Penny Lion has stepped down from her role at Tourism Australia, where she has led the organisation’s business events division for almost 11 years.
For many industry professionals, Penny will continue to be thought of as an ambassador for business events and someone who has helped shape not only Tourism Australia, but champion the industry as a whole.
Speaking to Spice News, Penny reflects on her first year in the organisation, having just arrived back into Australia after five years leading the UK operation of Cievents (now FCM Meetings & Events).
“When I came back to Australia I was interested in two things: one, to see how much opportunity there was to have business events come to Australia and two, what had changed in Australia since I’d been there and I was happy to see positive views on all fronts,” she says.
“Australia had always been very well positioned and business was doing well. The one thing that hasn’t really changed but we’ve certainly improved on, is Australia’s can-do attitude.
“I think that played really well in the business events space because although we don’t over-promise, we certainly are prepared to give things a go and customers love that.
“I thought wow, I have my work cut out for me because we’re in a good space. So, what am I going to do to improve on it and that’s what I then set about trying to do.”
Since then, Penny has witnessed major changes across the industry, most notably the “incredible influence” of China.
“When I first came back, Australia wasn’t doing well in the Chinese marketplace and it just wasn’t a market that we thought offered the kind of opportunity that we now understand it does – we had a lot of learning to do,” she says.
“That was a big thing for us, understanding the marketplace and realising there was some great synergies and look at that now – the achievements of what we’ve delivered with the incentives out of China has been fantastic.”
She says Australia has also come a long way in improving how they pitch for business events, particularly the time and research that goes into bids that often take years to convert.
“Remembering how we used to be in the association space to where we’re playing at now – leaps and bounds.”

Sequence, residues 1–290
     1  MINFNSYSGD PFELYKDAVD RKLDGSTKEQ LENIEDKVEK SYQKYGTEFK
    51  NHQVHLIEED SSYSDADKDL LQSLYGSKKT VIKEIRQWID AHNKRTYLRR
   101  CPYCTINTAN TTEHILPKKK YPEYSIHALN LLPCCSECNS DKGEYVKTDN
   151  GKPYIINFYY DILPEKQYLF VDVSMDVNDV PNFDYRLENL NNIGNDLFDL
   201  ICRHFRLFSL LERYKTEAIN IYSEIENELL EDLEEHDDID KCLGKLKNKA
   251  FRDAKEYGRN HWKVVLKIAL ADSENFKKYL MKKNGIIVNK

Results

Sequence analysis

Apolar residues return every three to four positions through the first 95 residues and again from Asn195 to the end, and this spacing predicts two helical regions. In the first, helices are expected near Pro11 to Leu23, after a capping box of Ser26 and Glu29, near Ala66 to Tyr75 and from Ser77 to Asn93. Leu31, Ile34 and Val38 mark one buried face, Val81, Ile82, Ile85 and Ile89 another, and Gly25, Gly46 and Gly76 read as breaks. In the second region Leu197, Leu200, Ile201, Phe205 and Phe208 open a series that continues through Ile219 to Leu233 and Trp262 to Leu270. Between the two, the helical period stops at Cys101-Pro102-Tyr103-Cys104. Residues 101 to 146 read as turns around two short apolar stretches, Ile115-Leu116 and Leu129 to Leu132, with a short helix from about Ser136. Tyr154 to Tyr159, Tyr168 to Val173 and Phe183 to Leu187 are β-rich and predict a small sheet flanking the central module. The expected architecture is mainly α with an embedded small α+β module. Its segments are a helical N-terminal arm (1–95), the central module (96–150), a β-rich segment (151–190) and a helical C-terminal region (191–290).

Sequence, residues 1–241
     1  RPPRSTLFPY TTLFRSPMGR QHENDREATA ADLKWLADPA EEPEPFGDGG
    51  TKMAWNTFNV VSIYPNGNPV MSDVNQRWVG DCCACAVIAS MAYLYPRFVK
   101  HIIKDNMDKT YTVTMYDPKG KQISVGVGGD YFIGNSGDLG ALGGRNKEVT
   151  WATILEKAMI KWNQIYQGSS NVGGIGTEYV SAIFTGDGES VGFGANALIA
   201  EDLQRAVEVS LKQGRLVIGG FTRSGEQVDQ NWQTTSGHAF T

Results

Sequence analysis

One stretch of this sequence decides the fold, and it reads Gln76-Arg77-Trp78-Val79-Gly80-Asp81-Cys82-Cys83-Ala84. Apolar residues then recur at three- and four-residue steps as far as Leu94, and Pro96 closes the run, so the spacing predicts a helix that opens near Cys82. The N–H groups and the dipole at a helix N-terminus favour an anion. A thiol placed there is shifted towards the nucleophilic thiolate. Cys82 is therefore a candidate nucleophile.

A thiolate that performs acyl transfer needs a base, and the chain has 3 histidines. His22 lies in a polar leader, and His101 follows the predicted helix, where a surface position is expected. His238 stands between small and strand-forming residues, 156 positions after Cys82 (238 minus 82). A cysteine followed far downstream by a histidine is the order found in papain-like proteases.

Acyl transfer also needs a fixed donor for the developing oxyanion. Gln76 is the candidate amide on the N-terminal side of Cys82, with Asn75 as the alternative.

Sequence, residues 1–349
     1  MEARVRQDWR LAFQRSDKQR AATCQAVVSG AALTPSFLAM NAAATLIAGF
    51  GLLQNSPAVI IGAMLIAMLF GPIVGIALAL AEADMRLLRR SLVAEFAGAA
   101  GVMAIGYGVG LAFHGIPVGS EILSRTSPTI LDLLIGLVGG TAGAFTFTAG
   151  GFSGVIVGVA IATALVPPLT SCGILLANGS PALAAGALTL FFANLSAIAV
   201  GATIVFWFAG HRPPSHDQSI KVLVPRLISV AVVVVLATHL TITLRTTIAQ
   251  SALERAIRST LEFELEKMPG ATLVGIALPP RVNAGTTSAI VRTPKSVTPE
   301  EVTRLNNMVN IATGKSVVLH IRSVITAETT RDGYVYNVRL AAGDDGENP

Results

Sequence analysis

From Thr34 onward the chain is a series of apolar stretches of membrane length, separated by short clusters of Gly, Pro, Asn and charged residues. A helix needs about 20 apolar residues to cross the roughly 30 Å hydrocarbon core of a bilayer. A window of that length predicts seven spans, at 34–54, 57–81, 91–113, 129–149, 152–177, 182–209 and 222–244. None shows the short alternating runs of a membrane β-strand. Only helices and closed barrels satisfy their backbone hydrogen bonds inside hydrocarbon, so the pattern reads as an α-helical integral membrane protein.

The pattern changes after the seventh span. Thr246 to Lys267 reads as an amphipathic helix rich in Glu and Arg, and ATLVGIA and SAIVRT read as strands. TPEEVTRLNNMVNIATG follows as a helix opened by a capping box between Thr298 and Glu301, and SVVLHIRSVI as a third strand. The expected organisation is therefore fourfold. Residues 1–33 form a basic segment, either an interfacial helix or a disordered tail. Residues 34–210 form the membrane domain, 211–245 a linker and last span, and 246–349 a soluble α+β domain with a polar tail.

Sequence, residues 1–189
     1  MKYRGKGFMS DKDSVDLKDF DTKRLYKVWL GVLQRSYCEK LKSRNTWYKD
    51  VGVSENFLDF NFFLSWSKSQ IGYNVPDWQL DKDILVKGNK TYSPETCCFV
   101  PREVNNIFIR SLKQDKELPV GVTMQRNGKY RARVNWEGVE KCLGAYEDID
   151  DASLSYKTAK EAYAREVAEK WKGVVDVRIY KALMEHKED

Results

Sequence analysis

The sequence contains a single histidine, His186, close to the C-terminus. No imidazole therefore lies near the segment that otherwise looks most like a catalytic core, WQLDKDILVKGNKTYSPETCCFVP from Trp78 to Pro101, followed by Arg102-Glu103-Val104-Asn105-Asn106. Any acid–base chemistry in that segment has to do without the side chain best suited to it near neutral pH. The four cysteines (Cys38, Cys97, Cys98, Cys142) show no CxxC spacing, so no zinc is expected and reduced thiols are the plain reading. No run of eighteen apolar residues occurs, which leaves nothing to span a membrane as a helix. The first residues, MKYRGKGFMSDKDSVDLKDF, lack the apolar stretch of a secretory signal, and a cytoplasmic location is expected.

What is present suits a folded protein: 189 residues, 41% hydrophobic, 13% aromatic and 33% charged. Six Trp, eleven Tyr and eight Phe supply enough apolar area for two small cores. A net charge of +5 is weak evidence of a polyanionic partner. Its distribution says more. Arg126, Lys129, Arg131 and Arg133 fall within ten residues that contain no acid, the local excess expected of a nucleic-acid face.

Creating a legacy
Initially when Penny started at Tourism Australia, she noticed a distinct lack of alignment between the business events campaign and the ‘There’s nothing like Australia’ consumer campaign.
“I remember working very hard internally explaining why and how it could work and was proud to launch ‘There’s nothing like Australia for business events’ within a year and a bit from when I first started and it exists still today,” she says.
“We’ve done many different iterations but we’ve just done a really fresh review of it with a new campaign that will launch when we can open our borders.”
The Bid Fund Program is by far one of the biggest legacies of Lion’s tenure. And while she mentions a number of people who were part of making the program happen, it’s certainly regarded by the industry as one of Penny’s key achievements.
“That was John O’Sullivan’s brainchild, who was such a fantastic boss, but because I’d been banging on about it for so long he said, ‘Just make it happen’,” she laughs.
“So to then go ahead and do all the due diligence about what it might look like and how it might be structured – I’m really proud that persistence paid off and to see it being well utilised up until the pandemic impacting us.”
But Penny’s proudest achievement isn’t the Bid Fund Program or the many other campaigns she’s been involved in, it’s the relationships she’s fostered.
“The thing I would say I am absolutely so proud of is the industry and stakeholder engagement, and the relationships that I’ve been able to have,” she says.
“Although there can be some very hard conversations, they’re always done with kindness and respect. Having that empathy for industry and really understanding what’s working for them and what’s not, how tough it is for them.
“For me, that is my greatest legacy that the industry can really have open conversations with [Tourism Australia] because that was not the case when I first started, they were a bit misunderstood I think. So I’m really proud of that.
“I’ve never forgotten what it’s like to be in their shoes, and it’s tough.”
Penny is set to continue in a consulting capacity until October, before taking a well-earned break to spend some time with her partner in South Australia at their vineyard.
“I want to go and spend more time there and actually be with my partner because that’s what’s most important,” she says.
“I might do some bits and pieces and help out the industry if there’s a need for it. So I will think about that while I’m having a bit more of a lengthy break, but mostly it’ll be about the vineyard and having a bit of time out and just to be amongst the vines.”
Tourism Australia aim to continue Penny’s vision of integrating business events more across the whole organisation once she bids farewell.
As for her parting wishes, Penny hopes the very best for the industry, in such challenging times.
“I really wish them a break, you know, a break to actually have some good things and some momentum going because the industry is a passionate bunch and they just want to do their work to make their customers happy,” she says.
“I want them to do well and I know it won’t be easy, but I think if they stay determined and work together, they’ll get there without a doubt.”